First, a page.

Directives is an actively used design pattern created in 1968.

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Languages with Directives include ada, algol-68, c, common-lisp, cpp, erlang, f-sharp, haskell, javascript, perl, python, ruby, rust, turbo-pascal, visual-basic

Example from algol-68:

.PR POINT .PR
.PR UPPER .PR
.PR RES .PR
'pr' quote 'pr'

Example from c:

#include <stdio.h>
#define height 10
#ifdef
#endif
#if
#else
#ifndef
#undef
#pragma

Example from cpp:

// #pragma once is a non-standard but widely supported preprocessor directive designed to cause the current source file to be included only once in a single compilation.
#pragma once
struct foo
{
   int member;
};

Example from erlang:

-define(TIMEOUT, 200).
...
call(Request) ->
   server:call(refserver, Request, ?TIMEOUT).
-undef(Macro).

Example from f-sharp:

#if VERSION1
let function1 x y =
   printfn "x: %d y: %d" x y
   x + 2 * y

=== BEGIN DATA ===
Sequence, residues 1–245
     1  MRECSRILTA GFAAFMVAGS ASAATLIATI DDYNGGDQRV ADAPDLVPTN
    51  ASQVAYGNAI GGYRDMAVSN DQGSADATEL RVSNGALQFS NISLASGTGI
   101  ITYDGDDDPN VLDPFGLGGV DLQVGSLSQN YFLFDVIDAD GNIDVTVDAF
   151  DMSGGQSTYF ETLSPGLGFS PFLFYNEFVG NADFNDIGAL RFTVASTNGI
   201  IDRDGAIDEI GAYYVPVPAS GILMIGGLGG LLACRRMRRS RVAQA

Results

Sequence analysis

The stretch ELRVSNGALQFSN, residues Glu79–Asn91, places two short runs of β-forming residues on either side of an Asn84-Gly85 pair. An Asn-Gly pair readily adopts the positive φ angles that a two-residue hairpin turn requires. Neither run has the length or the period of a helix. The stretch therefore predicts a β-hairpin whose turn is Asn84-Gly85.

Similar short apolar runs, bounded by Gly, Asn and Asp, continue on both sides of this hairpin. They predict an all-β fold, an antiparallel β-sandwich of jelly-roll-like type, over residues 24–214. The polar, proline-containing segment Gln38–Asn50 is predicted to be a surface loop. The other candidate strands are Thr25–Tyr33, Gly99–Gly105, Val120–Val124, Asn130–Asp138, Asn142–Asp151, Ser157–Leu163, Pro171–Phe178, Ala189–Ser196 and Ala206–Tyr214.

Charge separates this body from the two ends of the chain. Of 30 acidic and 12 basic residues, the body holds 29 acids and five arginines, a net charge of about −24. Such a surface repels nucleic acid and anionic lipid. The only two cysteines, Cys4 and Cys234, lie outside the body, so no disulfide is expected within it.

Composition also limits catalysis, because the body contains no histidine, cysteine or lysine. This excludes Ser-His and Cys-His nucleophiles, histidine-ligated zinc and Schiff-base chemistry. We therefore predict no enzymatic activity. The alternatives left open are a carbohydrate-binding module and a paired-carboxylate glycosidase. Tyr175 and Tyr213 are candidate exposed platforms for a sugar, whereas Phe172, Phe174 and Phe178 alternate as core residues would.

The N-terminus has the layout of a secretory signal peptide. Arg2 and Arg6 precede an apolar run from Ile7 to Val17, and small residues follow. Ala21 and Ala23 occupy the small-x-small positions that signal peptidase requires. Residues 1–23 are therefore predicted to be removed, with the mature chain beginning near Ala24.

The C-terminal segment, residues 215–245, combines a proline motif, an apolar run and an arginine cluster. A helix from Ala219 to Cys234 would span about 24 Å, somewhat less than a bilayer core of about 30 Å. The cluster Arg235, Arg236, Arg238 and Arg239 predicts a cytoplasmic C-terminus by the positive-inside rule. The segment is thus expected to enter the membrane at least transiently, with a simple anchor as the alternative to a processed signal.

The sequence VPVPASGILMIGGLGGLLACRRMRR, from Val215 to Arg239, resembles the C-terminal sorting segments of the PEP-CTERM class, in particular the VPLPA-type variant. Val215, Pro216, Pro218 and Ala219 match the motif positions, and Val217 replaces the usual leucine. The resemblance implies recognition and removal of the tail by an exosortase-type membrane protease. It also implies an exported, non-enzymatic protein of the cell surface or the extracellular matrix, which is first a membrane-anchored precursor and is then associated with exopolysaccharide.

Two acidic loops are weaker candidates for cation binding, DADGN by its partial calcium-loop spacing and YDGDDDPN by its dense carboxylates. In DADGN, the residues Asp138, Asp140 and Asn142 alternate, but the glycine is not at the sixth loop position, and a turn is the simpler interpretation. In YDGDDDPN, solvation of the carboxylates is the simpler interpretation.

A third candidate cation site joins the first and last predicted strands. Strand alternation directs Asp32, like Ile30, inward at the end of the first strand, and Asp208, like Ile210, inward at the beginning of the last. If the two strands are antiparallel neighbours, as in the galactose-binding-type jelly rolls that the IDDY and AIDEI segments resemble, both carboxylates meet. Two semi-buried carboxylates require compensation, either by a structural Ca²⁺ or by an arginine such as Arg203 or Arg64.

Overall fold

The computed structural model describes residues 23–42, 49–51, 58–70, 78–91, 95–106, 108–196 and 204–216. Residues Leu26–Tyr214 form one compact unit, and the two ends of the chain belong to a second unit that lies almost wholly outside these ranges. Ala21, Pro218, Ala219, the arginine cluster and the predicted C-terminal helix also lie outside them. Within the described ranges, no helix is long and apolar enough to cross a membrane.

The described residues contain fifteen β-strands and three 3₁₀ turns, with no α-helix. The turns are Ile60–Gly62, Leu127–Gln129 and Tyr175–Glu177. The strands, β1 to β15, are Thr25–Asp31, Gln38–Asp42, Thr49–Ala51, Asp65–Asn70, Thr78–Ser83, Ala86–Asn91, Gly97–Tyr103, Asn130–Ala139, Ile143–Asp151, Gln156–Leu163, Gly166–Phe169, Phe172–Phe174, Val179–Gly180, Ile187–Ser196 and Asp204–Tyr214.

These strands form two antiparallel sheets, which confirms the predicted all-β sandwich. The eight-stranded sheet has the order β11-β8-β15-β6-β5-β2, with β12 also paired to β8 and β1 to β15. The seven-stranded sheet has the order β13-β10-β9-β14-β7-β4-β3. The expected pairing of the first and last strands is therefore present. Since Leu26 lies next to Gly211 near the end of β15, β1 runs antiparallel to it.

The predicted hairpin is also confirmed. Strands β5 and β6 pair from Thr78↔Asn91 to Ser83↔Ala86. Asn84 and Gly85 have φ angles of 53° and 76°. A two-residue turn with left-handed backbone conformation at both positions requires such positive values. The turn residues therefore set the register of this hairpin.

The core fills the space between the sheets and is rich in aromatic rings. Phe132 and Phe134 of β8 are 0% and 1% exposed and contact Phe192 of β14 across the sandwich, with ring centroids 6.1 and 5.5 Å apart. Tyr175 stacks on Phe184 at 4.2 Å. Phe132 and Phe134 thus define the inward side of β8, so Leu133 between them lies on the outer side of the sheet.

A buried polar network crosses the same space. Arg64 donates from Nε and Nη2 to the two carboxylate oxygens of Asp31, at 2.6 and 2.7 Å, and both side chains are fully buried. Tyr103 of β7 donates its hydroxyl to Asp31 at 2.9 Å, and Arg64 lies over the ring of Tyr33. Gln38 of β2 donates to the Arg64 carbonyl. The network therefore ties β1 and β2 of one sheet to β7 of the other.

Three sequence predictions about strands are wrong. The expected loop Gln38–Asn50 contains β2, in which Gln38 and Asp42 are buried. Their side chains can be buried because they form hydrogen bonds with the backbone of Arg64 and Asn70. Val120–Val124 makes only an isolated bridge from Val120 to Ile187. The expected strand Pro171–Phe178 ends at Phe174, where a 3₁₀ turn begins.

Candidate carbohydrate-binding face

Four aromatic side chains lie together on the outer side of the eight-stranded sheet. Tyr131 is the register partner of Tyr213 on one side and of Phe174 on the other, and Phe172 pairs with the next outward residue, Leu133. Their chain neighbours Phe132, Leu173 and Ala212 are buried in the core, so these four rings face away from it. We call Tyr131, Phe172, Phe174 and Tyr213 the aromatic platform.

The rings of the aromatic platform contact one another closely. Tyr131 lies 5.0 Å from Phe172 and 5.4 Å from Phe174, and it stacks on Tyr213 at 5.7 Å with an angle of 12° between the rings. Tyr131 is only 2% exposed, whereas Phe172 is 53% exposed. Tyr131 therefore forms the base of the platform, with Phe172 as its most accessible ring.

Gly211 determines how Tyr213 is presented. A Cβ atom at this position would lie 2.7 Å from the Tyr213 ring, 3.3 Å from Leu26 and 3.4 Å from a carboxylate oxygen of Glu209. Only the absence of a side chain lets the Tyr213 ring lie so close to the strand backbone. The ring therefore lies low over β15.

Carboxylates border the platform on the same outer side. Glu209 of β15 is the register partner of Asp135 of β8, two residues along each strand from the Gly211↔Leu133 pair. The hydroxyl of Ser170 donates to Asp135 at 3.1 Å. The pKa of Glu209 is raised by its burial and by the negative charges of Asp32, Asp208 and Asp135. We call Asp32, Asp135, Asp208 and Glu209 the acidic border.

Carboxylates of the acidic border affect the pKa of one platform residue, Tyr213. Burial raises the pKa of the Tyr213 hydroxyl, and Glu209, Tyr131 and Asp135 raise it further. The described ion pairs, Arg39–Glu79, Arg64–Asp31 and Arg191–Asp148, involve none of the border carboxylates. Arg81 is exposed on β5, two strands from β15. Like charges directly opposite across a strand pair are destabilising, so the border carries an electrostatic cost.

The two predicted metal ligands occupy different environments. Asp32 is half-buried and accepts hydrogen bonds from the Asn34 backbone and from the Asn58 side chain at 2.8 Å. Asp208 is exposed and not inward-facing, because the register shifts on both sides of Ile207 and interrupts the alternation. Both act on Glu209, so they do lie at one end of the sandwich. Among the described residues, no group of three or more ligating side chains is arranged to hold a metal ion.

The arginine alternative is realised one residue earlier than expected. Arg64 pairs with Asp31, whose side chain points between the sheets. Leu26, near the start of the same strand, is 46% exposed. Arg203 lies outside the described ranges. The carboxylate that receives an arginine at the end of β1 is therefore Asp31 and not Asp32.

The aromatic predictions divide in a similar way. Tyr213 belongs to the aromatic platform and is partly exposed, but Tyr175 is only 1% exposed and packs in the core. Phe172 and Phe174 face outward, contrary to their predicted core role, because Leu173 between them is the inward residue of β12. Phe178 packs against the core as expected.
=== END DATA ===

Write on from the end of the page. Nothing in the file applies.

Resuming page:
#else
let function1 x y =
   printfn "x: %d y: %d" x y
   x - 2*y
#endif
// Line directives as source maps can be used when compiling to F#:
#line 25 "C:\\Projects\\MyProject\\MyProject\\Script1"

Example from haskell:

{-# INLINE foo #-}

Example from javascript:

"use strict";
"use asm";

Example from perl:

# In Perl, the keyword "use", which imports modules, can also be used to specify directives, such as use strict; or use utf8;
use utf8;

Example from python:

from __future__ import feature
# coding=<encoding name>

Example from ruby:

coding: UTF-8

Example from rust:

// A conditionally-compiled module
#[cfg(target_os = "linux")]
mod bar {
    /* ... */
}
// General metadata applied to the enclosing module or crate.
#![crate_type = "lib"]
// A function marked as a unit test
#[test]
fn test_foo() {
    /* ... */
}
// A lint attribute used to suppress a warning/error
#[allow(non_camel_case_types)]
type int8_t = i8;

// Inner attribute applies to the entire function.
fn some_unused_variables() {
  #![allow(unused_variables)]

  let x = ();
  let y = ();
  let z = ();
}

Example from turbo-pascal:

// In Turbo Pascal, directives are called significant comments, because in the language grammar they follow the same syntax as comments.
// In Turbo Pascal, a significant comment is a comment whose first character is a dollar sign and whose second character is a letter;
// for example, the equivalent of C's #include "file" directive is the significant comment:
{$I "file"}

Example from visual-basic:

Option Explicit On|Off
Option Compare Binary

Last updated July 8th, 2019